Friday, August 07, 2009

DELAWARE NEWS: Some Residents Not Receptive to Deer Hunt in Wilmington

The feedback from the public was both pro and con Thursday at a forum to consider permitting bow hunting of deer within the city limits of Wilmington. But more residents spoke against the idea than in favor.

Wilmington Parks and Recreation Committee Chairman Mike Wallace, at the close of the forum, said he thinks city officials need to keep the issue on the table. He proposed holding a Parks and Recreation Committee meeting to discuss the matter further, but added he doesn’t know when the committee would have some sort of deer control program to present to the full council for consideration.

Larry Reinsmith, who lives in the Timber Glen subdivision in the southern part of town, said the key to success for residents who are unhappy about deer feeding on flowers and other plants in their yards is “to understand deer are here to stay and property owners have a responsibility to take steps that will ease conflicts with them.”

Last year, there were eight deer crashes in the city, said Reinsmith, down from 16 the year before.

He also said there has been material distributed regarding Lyme disease and deer “trying to instill fear into the public.” But he said Lyme disease is easily treatable and moreover, there has been no reported case in Clinton County since 2004, when there was one reported incident, citing data from the Clinton County Health Department.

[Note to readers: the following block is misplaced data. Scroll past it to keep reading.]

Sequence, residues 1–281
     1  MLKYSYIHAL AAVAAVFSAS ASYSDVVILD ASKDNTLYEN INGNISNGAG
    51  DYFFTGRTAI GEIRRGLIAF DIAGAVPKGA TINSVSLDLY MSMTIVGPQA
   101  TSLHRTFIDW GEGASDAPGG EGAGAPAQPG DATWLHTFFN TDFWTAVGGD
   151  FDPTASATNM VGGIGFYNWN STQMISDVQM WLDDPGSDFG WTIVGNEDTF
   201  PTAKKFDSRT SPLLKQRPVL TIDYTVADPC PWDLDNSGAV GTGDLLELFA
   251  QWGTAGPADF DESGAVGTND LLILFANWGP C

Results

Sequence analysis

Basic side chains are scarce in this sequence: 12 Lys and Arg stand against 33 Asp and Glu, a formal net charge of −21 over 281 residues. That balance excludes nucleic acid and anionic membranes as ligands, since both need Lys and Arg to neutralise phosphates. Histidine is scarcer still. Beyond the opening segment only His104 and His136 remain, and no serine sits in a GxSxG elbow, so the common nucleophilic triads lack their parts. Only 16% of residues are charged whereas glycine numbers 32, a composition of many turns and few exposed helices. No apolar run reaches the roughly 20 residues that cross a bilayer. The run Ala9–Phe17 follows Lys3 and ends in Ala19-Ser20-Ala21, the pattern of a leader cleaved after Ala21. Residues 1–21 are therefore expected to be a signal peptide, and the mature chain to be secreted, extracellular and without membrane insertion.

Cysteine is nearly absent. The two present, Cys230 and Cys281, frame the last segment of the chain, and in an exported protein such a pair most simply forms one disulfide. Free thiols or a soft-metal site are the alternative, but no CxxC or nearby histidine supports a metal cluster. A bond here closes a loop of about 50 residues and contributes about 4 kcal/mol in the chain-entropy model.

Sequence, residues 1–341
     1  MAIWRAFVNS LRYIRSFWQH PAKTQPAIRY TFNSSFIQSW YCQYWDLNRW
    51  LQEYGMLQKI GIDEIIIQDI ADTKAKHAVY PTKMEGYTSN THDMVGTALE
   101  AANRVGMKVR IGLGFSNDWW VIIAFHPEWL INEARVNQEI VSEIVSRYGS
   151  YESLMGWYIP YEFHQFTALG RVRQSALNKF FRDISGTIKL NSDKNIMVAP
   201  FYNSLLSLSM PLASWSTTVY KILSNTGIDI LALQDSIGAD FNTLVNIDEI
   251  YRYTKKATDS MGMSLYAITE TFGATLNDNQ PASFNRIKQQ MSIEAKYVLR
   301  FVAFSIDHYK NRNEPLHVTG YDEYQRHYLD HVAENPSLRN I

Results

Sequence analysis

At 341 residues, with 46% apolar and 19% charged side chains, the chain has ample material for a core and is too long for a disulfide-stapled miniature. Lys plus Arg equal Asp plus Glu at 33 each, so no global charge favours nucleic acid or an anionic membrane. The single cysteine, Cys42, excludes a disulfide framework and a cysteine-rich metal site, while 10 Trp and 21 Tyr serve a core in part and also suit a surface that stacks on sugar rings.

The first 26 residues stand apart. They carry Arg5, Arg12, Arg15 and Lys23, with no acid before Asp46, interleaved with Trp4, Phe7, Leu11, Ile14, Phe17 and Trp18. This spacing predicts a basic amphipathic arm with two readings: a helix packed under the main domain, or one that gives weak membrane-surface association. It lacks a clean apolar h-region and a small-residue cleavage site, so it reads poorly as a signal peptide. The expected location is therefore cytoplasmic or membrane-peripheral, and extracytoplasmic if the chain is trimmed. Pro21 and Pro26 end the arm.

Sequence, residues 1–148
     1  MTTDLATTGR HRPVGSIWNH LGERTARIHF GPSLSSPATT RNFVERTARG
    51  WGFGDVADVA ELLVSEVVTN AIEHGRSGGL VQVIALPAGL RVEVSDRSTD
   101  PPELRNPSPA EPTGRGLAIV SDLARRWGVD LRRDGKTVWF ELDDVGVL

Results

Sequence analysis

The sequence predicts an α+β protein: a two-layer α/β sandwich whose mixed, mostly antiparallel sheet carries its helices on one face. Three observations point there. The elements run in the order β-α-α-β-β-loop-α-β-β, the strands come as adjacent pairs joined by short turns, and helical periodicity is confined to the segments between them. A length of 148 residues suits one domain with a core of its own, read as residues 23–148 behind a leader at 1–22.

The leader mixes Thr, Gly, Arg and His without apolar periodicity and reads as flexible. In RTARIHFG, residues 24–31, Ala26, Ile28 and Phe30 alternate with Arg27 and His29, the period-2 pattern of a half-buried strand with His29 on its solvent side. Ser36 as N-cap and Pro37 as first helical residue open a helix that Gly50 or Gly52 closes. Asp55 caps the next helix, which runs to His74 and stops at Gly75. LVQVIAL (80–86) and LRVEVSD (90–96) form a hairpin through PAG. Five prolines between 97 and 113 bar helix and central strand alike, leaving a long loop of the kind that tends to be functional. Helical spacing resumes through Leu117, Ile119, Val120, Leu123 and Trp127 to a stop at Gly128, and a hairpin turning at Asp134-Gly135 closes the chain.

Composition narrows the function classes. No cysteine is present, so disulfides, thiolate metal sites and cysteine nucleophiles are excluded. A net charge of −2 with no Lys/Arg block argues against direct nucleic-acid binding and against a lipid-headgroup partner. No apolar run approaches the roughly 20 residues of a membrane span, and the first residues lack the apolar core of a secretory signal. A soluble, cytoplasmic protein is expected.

Barb Wells said her family is not opposed to hunting but is opposed to hunting within the city limits.

She feels hunting should stay outside the city limits “where it has traditionally been for years.”

“After living in the south end of town for more than 40 years, I haven’t noticed an increase in deer problems,” Wells said.

Hunting “domesticated” deer that have become accustomed to humans “doesn’t seem like much of a sport to me,” Wells said.

Bob Thobaben, who is not a resident of Wilmington, said, “If you allow nature to take its course, there is no control.”

Nick Babb, who is safety director for Wilmington, said “you can’t legislate where arrows go.”

Greg Keeton said staff at the Ohio Department of Natural Resources are the wildlife population management professionals. Other residential communities have utilized bow hunting of deer within town “with great success.”

Bob Schaeffing said he has planted flowers that deer aren’t supposed to eat, but they did.

Deer will multiply, said Schaeffing, adding he is “really concerned” about the issue. Permitting bow hunting would help, at least in part, because “deer will move away from pressure.”

Cathie Spilker said she takes her dog out to the woods on walks and she doesn’t want it to be struck by an arrow. Deer move, she said, but an arrow continues on its same trajectory.

Wilmington City Council needs to be concerned that it could be opening itself up to liability and a lawsuit if there were an accident, Spilker said.

Scott Kirchner said he is “not even sure” the deer population in town is a problem. He said he has lived on South Mulberry Street near the bike path and Sugar Grove Cemetery and he hasn’t seen a “grand increase in deer.”

But Kirchner said he’s aware people need to be cognizant of managing the deer herd.

There are no safe answers in addressing the deer population growth, said Kim Hilderbrand of Wilmington.

At the conclusion of the forum, Wilmington Mayor David Raizk said the administration’s number one concern will be the health and safety of the citizens, and that this concern will come before property concerns.

Source: Wilmington News Journal

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